For those of you looking to upgrade to a six-string, this Ibanez would fit the bill. Or if you’re a seasoned player and have been hearing about fanned frets and would like to experience what the fuss is all about, this guitar is for you.

 

Key Features

  • Ash body construction
  • Rosewood fingerboard
  • Fanned frets
  • Bartolini BH1 pickups

 

What I like about this product

You won’t find a bass from Ibanez that’s awkward to handle or isn’t very playable, and this model is no different. Thanks to the fan-like placement of the frets, the guitar allows you to hit all the strings uniformly.

The tonewood choice is wonderful, and the finish is gorgeous. It features Ibanez’s proprietary electronics which come with a passive pickup in addition to the active ones, on the off chance that you run out of battery while performing.

 

What I don’t like about this product

Since it’s a six-string model, it’s not ideal for beginners. If you’re just starting out with basses, I recommend that you stick to four-string entry-level options.

 

 

Pros

  • Impressive punch
  • Comfortable
  • A high degree of playability

 

Cons

  • Not beginner-friendly

 

This Ibanez blends playability, comfort, and sound to perfection. If that’s something you see yourself admiring, you can’t go wrong with this one.

 

Overall Rating – 4.7/5

CLICK HERE TO VIEW ON AMAZON

 

Rogue LX200B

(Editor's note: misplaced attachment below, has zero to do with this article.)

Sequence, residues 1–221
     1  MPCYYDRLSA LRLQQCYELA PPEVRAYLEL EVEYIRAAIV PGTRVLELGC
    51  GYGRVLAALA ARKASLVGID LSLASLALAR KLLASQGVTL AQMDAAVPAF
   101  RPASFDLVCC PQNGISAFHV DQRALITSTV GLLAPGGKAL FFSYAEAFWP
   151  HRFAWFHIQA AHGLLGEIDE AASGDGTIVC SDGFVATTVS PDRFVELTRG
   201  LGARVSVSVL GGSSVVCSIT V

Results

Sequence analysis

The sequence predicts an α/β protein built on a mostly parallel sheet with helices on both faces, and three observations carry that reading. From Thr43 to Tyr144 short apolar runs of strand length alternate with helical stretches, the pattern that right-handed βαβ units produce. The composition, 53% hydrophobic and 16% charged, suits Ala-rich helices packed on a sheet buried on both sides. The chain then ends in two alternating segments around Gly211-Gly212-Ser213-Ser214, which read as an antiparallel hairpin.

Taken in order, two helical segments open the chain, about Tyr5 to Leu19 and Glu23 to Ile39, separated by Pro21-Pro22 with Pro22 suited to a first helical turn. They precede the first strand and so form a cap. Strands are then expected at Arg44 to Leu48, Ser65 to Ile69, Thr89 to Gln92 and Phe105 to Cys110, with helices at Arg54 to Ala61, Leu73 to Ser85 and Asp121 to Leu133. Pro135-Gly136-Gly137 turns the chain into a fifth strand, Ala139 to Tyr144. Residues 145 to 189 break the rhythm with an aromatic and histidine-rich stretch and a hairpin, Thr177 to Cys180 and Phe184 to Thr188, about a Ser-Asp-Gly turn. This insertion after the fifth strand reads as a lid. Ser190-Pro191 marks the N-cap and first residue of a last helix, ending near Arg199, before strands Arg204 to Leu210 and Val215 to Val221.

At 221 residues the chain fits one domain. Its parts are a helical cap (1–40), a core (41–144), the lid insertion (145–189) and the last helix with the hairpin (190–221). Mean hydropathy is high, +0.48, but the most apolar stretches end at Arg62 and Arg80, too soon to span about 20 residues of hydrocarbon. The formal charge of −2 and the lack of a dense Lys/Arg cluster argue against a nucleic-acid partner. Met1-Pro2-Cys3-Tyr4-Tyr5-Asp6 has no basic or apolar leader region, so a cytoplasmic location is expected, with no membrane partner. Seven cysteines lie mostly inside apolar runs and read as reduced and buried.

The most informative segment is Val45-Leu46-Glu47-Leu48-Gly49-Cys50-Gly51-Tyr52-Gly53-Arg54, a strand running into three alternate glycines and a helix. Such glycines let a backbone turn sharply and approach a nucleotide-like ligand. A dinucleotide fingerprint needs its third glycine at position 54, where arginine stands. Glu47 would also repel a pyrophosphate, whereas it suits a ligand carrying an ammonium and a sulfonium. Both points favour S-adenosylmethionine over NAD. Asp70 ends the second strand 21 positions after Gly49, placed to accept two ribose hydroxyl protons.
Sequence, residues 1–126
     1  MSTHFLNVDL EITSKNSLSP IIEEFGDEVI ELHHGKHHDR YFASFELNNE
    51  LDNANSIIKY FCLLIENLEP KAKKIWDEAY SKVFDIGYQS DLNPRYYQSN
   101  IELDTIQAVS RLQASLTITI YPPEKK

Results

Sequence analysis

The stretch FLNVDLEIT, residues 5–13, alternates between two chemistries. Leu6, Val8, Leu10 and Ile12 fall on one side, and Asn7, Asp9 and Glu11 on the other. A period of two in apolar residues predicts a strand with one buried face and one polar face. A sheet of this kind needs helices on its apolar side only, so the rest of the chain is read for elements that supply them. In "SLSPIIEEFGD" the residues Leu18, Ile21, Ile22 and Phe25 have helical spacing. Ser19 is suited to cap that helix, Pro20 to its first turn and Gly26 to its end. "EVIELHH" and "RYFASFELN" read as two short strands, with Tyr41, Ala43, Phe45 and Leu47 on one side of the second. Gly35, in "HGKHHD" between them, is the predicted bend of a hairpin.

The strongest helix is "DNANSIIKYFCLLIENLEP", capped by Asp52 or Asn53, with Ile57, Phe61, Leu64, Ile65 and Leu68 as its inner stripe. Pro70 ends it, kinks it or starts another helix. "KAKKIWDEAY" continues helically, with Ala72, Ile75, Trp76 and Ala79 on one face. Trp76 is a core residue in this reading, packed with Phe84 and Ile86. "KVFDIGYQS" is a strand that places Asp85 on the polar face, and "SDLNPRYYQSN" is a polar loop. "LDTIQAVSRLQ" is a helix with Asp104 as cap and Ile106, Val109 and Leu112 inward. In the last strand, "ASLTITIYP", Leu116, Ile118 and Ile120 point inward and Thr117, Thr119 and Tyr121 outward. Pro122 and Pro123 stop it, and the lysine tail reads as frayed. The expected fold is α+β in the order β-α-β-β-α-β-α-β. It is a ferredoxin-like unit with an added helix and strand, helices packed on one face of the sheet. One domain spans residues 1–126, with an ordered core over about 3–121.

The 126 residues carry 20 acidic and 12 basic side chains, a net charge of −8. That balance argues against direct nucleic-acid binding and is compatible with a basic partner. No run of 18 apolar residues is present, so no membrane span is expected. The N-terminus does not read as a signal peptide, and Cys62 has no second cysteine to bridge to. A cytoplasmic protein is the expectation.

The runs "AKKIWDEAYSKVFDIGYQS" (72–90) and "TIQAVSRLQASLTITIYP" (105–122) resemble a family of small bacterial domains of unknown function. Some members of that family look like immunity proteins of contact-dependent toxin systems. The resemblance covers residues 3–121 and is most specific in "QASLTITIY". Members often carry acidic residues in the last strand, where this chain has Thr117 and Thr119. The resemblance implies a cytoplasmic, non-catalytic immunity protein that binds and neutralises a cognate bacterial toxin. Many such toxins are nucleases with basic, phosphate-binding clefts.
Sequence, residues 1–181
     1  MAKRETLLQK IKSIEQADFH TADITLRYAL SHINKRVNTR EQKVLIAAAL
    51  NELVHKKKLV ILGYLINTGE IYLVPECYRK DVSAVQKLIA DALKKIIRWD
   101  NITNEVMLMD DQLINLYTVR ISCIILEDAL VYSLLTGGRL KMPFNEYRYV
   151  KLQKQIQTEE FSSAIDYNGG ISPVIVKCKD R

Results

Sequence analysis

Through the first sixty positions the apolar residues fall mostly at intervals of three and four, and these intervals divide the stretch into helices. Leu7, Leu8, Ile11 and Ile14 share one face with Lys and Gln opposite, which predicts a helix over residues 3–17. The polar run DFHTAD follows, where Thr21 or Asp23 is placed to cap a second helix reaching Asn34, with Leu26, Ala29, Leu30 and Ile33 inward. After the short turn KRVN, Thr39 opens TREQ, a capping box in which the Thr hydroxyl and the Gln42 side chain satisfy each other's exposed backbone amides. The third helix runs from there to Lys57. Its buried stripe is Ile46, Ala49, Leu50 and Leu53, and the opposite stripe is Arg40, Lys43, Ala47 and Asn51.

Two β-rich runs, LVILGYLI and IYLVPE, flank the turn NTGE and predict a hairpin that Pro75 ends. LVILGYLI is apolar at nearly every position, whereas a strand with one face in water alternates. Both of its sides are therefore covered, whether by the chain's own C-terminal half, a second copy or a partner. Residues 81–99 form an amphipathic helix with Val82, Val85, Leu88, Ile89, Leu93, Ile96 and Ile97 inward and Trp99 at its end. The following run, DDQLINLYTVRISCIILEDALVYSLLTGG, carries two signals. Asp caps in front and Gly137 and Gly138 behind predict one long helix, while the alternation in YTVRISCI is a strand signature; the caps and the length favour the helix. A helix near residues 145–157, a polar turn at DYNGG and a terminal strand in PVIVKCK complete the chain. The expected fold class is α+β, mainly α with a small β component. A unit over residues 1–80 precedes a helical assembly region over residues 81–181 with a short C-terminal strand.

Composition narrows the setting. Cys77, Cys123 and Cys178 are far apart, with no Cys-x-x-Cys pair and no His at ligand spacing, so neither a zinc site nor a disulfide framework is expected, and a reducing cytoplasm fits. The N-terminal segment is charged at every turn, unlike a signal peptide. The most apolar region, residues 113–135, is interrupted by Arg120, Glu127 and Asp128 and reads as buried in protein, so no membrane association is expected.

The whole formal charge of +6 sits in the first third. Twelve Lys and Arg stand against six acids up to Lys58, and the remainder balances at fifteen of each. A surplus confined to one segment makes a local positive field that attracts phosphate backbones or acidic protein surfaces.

For this round-up, I wanted to include a couple of pocket-friendly basses as well. Make no mistake, though. These guitars might be easier on your wallet, but they’re heavy on quality all the same—and Rogue LX200B is a prime example.

 

Key Features

  • Double cutaway
  • Basswood body
  • Rosewood fretboard
  • Maple neck
  • Split-coil pickup

 

What I like about this product

Where most affordable basses fail is the design, and even though this model doesn’t break fresh ground, it still manages to look decent enough, on top of sounding good with a reasonable degree of playability.

Another factor which plagues budget-friendly guitar is their iffy durability. This Rogue avoids that pitfall by only including quality tonewoods – especially for the neck. The tones are thick and beefy, while the pickups provide ample flexibility.

 

What I don’t like about this product

Same as other inexpensive basses, this model is not without its flaws. The design choice seems rather lackluster and basic, and a few elements feel cheaply made. For example, the nut.

 

Pros

  • Reasonably priced
  • Decent tones
  • Affords flexibility

 

Cons

  • Mediocre nut quality

 

If you’re shopping on the low-end of the market, you probably won’t find a model that offers this much value for the price.

 

Overall Rating – 4.4/5

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Sterling by Music Man Series Ray 4

Sterling by Music Man is a subsidiary of Ernie Ball Music Man and is geared towards bringing entry-level budget guitars to the market. Their Sub Ray 4 is one of their most popular guitars which takes inspiration from Stingray Bass – a high-end guitar from brand’s parent company.

 

Key Features

  • Basswood body
  • Maple neck
  • 34-inch scale
  • Rosewood/maple fretboard
  • Sterling High output humbucker

 

What I like about this product

Not unlike most entry-level basses, this guitar makes use of basswood for its construction, paired with a maple neck and rosewood/maple fretboard. As you can probably tell, it doesn’t attempt to reinvent the wheel, but it does what it does well.

It’s comfortable to play, so it’ll prove to be a valuable asset during those endless hours of practice.

 

What I don’t like about this product

The finish quality is middling, and it’s rough around the edges. That said, it still isn’t a deal-breaker if you only care for performance.

 

Pros

 

Cons

  • Mediocre finish quality